A total of 20 bacterial isolates related to different species were isolated from tissues of roots and shoots of black saxaul. The isolates were identified based on a comparison of their 16S rRNA with the closest relatives registered in GenBank. The degrees of their 16S rRNA genes similarities are shown in Table 1.

The percent of identity of 16S rRNA gene from black saxaul isolates and the closest relatives from GenBank ranged from 99.38 to 99.79. The isolates represent three phyla: Firmicutes, Actinobacteria, and Proteobacteria. The most numerous is Firmicutes with 13 representatives: HAPH2, HAPH3, HAPH4, HAPH5, HAPH6, HAPH7, HAPH8, HAPH9, HAPH10, HAPH14, HAPH15, HAPH19, and HAPH20. Among 20 isolates, only 4 were related to Actinobacteria (HAPH1, HAPH12, HAPH13, and HAPH17) and 3 to Proteobacteria (HAPH11, HAPH16, and HAPH18). The isolates were divided into three classes: Bacilli (13 isolates), Actinobacteria (4 isolates), and Gammaproteobacteria (3 isolates). There were representatives of five orders: Bacillales (12), Micrococcales (4), Lactobacillales (1), Oceanospirillales (2), and Pseudomonadales (1). All isolates were related to 13 genera: Bacillus (HAPH9, HAPH4, HAPH6, HAPH7, HAPH8, and HAPH2), Arthrobacter (HAPH1), Priestia (HAPH3 and HAPH5), Enterococcus (HAPH10), Halomonas (HAPH11), Isoptericola (HAPH12), Kocuria (HAPH13), Planococcus (HAPH14), Planomicrobium (HAPH15), Pseudomonas (HAPH16), Rothia (HAPH17), Salinicola (HAPH18), and Staphylococcus (HAPH19 and HAPH20).

Table 1: Endophytes isolated from black saxaul (H. aphyllum Minkw.) and their closest relatives from GenBank.

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Figure 1: Phylogenetic tree of endophytic bacteria (HAPH1–HAPH20) of black saxaul with its closest relatives registered in GenBank of NCBI.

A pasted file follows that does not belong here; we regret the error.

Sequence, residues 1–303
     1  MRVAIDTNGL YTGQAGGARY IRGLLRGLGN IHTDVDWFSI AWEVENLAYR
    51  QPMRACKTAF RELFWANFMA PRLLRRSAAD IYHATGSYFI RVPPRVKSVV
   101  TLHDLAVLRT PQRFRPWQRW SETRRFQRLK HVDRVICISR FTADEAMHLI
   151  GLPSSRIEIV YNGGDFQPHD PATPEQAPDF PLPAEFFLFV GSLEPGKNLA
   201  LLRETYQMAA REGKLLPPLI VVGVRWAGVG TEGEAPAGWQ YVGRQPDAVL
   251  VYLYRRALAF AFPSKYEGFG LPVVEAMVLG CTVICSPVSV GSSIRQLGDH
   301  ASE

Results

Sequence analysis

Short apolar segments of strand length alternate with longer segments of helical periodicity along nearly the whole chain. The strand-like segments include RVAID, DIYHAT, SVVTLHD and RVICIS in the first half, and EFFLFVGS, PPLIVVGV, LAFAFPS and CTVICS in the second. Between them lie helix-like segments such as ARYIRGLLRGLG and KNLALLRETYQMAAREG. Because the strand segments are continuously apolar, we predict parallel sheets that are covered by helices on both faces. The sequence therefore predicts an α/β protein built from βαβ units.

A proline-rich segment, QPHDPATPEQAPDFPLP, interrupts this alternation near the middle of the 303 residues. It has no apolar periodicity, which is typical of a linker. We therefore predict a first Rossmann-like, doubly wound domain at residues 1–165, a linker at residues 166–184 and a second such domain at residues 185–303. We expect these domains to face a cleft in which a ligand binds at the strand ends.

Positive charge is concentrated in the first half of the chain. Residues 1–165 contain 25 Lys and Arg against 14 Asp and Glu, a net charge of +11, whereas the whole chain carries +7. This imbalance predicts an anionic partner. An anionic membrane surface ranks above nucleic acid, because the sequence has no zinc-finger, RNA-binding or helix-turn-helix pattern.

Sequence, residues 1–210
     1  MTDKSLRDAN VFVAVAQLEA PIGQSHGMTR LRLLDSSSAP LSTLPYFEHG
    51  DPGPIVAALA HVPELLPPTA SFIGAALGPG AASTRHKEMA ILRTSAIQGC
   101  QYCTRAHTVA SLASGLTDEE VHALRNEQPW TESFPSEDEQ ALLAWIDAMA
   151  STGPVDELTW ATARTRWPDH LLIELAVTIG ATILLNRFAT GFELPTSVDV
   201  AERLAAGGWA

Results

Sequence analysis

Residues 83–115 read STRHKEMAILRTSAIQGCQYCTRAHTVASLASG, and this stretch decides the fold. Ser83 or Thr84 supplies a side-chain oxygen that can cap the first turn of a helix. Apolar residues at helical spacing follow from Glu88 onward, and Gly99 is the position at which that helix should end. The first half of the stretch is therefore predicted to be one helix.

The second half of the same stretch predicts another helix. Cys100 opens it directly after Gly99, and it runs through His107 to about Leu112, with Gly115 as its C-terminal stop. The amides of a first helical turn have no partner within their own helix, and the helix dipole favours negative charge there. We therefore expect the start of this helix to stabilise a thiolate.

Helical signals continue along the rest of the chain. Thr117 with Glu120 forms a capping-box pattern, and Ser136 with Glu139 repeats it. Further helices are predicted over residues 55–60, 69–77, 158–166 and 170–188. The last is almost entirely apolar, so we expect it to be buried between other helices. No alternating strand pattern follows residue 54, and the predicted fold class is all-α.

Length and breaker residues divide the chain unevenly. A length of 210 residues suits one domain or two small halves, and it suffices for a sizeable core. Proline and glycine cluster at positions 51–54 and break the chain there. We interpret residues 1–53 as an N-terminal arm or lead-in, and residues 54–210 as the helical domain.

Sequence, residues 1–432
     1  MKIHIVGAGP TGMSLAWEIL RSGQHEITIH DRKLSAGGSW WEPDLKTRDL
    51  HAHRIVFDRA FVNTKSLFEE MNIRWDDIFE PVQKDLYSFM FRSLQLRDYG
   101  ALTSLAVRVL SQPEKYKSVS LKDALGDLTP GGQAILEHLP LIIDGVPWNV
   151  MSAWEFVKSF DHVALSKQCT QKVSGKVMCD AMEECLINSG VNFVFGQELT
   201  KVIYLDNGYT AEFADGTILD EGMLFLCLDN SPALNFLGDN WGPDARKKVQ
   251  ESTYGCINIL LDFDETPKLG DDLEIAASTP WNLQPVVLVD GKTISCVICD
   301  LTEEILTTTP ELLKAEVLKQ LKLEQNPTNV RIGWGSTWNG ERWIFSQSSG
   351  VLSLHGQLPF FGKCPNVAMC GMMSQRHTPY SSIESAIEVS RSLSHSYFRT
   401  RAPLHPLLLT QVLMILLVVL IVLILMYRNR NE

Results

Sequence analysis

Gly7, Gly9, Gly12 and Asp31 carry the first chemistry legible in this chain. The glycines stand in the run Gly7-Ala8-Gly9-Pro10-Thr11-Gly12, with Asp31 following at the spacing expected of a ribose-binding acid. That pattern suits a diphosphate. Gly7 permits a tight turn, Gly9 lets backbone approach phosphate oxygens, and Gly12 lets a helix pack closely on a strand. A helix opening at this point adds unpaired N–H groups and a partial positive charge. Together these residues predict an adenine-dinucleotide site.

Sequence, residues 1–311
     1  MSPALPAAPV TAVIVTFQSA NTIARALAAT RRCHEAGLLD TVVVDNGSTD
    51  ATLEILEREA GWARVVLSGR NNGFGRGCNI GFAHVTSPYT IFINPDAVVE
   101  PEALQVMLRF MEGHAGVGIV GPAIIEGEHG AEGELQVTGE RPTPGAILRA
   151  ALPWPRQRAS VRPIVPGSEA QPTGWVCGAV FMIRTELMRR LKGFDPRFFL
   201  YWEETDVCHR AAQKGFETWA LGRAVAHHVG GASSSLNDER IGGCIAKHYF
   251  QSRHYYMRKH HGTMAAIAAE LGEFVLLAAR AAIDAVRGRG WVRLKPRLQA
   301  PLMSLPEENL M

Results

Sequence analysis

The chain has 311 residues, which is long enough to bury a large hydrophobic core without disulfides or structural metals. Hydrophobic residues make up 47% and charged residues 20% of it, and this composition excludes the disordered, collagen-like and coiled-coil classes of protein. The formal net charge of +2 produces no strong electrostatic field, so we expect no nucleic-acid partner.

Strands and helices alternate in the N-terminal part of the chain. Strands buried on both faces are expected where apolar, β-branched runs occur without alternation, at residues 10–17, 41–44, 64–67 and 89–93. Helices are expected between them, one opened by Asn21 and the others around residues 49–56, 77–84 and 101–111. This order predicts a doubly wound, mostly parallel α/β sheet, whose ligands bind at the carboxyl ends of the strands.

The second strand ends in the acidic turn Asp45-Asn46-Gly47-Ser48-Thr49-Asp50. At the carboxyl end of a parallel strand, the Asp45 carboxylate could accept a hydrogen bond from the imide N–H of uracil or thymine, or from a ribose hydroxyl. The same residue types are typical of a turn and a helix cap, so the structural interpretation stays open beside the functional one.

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Based on 16S rRNA gene similarities using the neighbor-joining method, the phylogenetic tree was constructed (Fig. 1).

3.2. Plant Growth-Promotion Activity of Endophytic Bacteria

The strains of endophytic bacteria were tested for the ability to stimulate plant growth on the example of cucumber. The seeds of cucumber were inoculated with bacterial suspension and cultivated in pots. Although black saxaul is a halophyte, we decided to check whether its endophytes can benefit plants in salinity conditions. That is why for cucumber growing we used four types of soil salinization with NaCl: 0, 25, 50, and 100 mM. We measured shoot and root dry weight as the main growth parameter because the speed of a plant’s dry biomass accumulation depends on the speed of cell division and its growth. The results are shown in Table 2.

It can be seen from Table 2 that the majority of endophytes stimulated plant growth of a cucumber less or more actively at different degrees of soil salinity. The strain Bacillus amyloliquefaciens HAPH2 appeared to be the most active plant growth-promoting bacteria at 0 and 25 mM NaCl in soil. At 0 mM NaCl, the cucumber seeds’ inoculation with this strain resulted in 17.9% and 18.8% increase in shoot and root dry weight as compared to the control, respectively. At 25 mM NaCl, the effect of this strain was even more and it increased shoot dry weight up to 22.3% and root dry weight up to 27.2% in comparison with the control. At 50 mM NaCl, the strain B. amyloliquefaciens HAPH2 increased cucumber plants shoot dry weight up to 38.1% and root dry weight up to 37.2% as compared to the control. At 100 mM NaCl, this strain raised the shoot dry weight up to 65.2% and root dry weight up to 216.7%. However, at 50 and 100 mM NaCl, the strain B. amyloliquefaciens HAPH2 was less effective than Pseudomonas kilonensis HAPH16. The seeds’ inoculation with strain P. kilonensis HAPH16 resulted in 39.9% and 34.9% increase in shoot and root dry weight at 50 mM NaCl as compared to control, respectively. At 100 mM NaCl, P. kilonensis HAPH16 raised the shoot dry weight up to 68.3% and root dry weight up to 225%. It should be noted that strains Arthrobacter agilis HAPH1, Bacillus cereus HAPH4, Bacillus pumilus HAPH6, Brevibacterium frigoritolerans HAPH9, Kocuria polaris HAPH13, Rothia terrae HAPH17, Staphylococcus epidermidis HAPH19, and Staphylococcus warneri HAPH20 did not show or showed very low insignificant changes in shoot and root dry weight after seeds’ inoculation.